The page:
Another amazing and super fun workshop! Thanks to everyone who came out to learn how to extract colours from plants and make things beautiful.
One new element I have added to this workshop is preparing and dyeing with Indigo! We made a few shibori samples and also overdyed the colour swatches from our first 5 plants with Indigo.
In this particular workshop we made dye from; Logwood, Osage, Cochineal, Coffee and Avocado Pits. Overdyed all those samples in Indigo and also another batch of those samples in Iron.
We used 240g of avocado pits to 40g of silk and cotton, which is 1200%WOF!! jumpins I expected to have a darker pink, however, it was a beauty.
I am working away at my NEW STudIO SPACE! I am really looking forward to teaching there at some point!
Natural Dyes: Plant + Principle
by Amber Friedman
We use mordants in Natural Dyes as a method to prepare the fabric to accept color and keep the color through washing and sun exposure. There are a wide range of mordants available out there to use. You can buy them or harvest them from nature.
When you are dyeing protein fibre, such as silk, you only need to mordant with aluminum potassium sulfate. Cellulose fibre needs a two-step process where you mordant with a tannin first and then aluminum acetate second. There are a lot of differences between tannins, tannins will shift the color of your fabric. Oak Gulls are a tannin that produce the clearest color on the fabric. Myrobalan is another common tannin, that produces a buttery yellow on fabric.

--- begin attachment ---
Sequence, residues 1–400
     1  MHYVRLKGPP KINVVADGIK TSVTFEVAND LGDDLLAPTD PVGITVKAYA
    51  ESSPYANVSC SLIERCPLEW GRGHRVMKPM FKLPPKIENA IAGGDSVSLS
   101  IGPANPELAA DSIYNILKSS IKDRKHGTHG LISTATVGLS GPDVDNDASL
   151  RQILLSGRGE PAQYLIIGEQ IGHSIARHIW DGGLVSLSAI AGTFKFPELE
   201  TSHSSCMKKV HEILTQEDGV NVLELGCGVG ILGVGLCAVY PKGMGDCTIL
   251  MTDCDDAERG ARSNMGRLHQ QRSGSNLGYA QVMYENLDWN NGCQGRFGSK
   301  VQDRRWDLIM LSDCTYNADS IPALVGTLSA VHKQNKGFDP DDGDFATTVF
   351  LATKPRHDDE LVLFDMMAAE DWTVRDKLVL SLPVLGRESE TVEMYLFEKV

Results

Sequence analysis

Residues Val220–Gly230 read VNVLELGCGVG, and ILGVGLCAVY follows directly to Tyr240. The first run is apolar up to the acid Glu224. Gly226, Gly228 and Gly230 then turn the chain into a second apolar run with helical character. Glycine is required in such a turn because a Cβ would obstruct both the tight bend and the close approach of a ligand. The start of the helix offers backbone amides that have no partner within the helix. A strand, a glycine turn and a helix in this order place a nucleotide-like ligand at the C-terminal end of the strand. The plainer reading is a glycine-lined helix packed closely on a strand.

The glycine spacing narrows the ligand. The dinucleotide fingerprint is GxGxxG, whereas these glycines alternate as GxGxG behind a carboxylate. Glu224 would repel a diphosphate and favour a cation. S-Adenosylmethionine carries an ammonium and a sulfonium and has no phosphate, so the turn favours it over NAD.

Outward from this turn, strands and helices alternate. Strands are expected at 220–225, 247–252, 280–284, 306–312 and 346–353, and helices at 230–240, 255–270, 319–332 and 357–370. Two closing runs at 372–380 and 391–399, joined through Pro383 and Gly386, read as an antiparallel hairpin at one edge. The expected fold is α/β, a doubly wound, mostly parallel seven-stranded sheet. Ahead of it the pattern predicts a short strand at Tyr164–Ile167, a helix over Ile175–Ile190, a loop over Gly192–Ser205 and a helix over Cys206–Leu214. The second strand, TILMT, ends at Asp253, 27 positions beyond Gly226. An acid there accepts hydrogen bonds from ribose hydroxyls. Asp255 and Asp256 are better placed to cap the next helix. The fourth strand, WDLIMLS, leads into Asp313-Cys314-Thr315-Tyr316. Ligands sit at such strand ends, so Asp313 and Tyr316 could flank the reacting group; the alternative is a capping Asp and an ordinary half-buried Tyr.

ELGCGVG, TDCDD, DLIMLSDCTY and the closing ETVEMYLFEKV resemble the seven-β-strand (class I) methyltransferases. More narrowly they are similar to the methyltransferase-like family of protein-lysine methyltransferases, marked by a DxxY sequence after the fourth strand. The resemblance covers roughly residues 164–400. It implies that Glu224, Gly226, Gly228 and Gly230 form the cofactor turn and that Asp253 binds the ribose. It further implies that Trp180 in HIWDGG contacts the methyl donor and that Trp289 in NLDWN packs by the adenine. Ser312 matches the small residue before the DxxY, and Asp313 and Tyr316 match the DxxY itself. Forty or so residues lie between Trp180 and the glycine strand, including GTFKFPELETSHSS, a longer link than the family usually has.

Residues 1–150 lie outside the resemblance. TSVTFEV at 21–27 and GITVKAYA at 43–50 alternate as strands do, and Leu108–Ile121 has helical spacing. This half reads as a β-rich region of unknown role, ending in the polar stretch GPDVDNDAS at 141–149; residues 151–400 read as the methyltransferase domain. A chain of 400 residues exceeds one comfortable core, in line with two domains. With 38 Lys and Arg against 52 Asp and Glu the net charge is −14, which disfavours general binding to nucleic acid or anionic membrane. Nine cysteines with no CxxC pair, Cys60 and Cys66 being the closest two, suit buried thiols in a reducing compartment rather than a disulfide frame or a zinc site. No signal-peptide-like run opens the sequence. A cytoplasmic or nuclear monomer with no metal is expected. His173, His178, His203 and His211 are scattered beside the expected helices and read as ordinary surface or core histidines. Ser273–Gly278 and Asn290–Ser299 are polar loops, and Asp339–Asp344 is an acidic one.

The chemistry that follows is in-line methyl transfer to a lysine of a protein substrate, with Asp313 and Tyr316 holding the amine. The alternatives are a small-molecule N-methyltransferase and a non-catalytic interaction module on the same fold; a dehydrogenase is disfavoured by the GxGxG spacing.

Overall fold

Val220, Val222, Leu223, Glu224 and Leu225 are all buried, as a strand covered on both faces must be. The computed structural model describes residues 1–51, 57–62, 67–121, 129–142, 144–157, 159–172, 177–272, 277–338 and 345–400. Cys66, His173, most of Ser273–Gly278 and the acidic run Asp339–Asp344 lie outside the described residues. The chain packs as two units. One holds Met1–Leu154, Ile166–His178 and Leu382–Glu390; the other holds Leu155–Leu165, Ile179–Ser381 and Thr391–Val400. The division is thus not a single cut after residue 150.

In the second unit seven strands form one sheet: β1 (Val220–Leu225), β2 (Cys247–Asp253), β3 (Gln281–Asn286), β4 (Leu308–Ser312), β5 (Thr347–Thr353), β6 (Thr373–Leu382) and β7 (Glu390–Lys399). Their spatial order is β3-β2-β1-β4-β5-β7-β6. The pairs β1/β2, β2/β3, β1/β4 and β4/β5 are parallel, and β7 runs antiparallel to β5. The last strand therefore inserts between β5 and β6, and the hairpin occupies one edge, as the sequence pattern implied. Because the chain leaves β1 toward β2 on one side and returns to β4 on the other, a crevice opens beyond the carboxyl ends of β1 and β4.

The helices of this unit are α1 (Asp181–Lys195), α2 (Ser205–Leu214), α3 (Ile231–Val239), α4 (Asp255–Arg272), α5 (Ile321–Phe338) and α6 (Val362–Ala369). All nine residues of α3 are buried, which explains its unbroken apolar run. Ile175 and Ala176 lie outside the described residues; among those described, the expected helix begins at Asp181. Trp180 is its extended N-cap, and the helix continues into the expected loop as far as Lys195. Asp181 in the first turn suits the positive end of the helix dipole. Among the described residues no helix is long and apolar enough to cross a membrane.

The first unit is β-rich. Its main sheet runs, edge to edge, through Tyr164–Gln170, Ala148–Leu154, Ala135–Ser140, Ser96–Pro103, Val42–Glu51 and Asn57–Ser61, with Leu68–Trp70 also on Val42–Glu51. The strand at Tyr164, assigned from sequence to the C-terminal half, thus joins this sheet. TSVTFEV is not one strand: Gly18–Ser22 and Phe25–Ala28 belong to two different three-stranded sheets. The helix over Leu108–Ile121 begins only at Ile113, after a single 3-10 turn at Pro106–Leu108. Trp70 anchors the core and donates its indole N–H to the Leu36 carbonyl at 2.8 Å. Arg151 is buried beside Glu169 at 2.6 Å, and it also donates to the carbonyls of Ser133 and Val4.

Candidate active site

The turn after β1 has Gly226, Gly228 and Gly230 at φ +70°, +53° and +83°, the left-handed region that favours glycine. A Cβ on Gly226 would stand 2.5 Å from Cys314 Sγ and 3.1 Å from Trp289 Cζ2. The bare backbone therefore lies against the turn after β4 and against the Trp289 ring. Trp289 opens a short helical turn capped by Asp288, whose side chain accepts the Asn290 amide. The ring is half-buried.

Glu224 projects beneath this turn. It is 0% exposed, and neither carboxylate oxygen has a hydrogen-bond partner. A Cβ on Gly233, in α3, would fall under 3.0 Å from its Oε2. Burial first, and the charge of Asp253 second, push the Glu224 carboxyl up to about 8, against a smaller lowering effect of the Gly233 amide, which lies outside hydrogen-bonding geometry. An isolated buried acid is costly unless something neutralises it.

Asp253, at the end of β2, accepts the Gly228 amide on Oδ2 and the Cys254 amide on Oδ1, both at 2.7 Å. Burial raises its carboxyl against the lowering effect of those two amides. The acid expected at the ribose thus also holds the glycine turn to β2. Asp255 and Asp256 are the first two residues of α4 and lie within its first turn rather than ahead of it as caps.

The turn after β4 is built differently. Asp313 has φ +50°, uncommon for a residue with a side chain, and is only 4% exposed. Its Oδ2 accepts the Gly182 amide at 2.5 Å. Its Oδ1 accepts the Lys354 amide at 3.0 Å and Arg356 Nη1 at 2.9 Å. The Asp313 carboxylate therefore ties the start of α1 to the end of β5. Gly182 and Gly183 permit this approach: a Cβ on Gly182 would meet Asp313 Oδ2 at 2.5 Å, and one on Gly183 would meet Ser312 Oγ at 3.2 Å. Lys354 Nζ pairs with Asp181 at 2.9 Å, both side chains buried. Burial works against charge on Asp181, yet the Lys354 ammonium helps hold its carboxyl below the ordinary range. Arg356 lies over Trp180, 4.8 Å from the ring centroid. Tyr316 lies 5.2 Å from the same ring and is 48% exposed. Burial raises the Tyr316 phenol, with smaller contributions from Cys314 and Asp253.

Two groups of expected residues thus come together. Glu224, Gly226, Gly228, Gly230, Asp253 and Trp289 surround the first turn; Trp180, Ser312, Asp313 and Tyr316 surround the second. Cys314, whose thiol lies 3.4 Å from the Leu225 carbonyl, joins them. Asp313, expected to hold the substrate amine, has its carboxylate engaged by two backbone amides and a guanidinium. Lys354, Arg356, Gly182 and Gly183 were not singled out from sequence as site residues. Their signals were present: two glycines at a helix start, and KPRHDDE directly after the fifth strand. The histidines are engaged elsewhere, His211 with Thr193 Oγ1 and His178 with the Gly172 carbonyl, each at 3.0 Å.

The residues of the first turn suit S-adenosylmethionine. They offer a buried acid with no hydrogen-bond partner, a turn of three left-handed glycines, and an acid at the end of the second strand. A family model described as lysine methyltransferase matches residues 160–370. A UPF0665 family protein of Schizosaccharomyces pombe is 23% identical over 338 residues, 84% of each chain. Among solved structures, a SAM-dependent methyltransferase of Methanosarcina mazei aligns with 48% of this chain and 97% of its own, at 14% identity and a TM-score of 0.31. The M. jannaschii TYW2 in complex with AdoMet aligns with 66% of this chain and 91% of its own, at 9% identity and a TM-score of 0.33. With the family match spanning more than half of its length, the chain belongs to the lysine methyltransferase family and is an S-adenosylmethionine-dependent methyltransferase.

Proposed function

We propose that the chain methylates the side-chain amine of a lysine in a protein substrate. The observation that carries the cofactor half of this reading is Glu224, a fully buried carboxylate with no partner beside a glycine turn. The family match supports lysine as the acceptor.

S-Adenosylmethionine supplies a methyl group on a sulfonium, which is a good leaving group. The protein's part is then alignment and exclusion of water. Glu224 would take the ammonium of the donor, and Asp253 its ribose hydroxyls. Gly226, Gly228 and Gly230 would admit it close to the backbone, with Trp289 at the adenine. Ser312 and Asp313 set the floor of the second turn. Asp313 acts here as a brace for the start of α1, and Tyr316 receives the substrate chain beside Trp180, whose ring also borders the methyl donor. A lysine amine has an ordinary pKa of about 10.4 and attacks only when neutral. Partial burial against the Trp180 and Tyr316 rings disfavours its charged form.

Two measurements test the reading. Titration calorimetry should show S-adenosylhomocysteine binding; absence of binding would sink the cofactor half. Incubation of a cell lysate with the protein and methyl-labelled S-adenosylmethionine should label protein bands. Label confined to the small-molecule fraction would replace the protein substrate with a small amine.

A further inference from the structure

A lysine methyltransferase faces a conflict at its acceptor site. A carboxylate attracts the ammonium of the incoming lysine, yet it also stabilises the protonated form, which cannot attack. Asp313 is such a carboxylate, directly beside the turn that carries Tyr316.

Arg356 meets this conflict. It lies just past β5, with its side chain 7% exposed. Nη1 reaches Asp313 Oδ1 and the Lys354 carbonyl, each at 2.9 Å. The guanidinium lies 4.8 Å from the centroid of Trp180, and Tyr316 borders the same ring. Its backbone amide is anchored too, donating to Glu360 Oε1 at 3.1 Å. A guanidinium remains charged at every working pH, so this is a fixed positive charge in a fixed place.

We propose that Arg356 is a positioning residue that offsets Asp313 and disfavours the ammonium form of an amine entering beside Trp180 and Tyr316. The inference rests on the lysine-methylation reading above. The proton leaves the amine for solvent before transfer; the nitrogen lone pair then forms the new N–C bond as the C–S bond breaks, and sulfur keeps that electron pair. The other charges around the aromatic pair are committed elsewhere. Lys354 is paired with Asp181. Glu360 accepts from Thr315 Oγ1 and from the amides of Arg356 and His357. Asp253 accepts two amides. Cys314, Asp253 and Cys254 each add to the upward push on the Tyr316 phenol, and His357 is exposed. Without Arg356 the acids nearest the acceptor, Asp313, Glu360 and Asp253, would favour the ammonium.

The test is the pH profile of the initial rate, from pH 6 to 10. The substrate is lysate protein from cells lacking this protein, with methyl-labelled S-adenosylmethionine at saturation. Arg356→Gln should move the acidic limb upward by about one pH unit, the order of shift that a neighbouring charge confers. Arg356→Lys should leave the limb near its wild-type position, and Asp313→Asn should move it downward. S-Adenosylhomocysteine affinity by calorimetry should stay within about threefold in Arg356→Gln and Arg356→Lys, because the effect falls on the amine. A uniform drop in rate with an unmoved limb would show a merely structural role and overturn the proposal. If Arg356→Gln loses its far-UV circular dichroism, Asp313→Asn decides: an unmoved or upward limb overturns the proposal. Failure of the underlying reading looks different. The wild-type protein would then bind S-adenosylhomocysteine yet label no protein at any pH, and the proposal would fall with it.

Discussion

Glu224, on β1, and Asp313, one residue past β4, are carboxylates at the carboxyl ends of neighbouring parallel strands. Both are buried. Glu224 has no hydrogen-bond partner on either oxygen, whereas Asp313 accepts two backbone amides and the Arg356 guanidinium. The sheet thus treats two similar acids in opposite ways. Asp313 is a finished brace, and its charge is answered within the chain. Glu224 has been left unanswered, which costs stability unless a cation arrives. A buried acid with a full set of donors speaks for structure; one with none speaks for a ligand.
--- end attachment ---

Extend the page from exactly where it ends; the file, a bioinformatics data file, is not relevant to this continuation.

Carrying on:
Other Plants you can use for tannins are;
Pomegranate, Cutch, Myrobalan, Tea, Coffee, Blackberry Leaves, Alder, Rhubarb Leaves (don’t inhale!)
It works best if you can mordant cellulose fibres in two separate days,
Tannin one day and then alum the next day.
All mordants are calculated based on a percentage of the dry weight of fibre .
Here are a couple recipes to modify based on your project.
Mordanting Protein Fibre
Aluminum Potassium Sulfate use at 15-20% WOF
100g of silk fibre
15g – 20g aluminum potassium sulfate
Mordanting Cellulose Fibre
Choose a Tannin and find out what percent to use it.
I have chosen a recipe using Gallnuts @ 6-8% WOF
100g cotton or linen fibre
Fill a dye pot with hot water from the tap. Add the mordant and stir well. Add the pre-wetted fibre to the dye pot. Bring to high heat and then turn down, rotate goods occasionally and cook for 45 minutes at low heat.
Ideally, you will leave your fibre in the tannin bath overnight and then put it into your alum bath the next day. If you need to rush this process you can go straight from the tannin pot to the alum pot and then into your dye.
Aluminum Acetate use at 5-8% WOF
100g cotton or linen fibre
5g-8g aluminum acetate
Making Dye –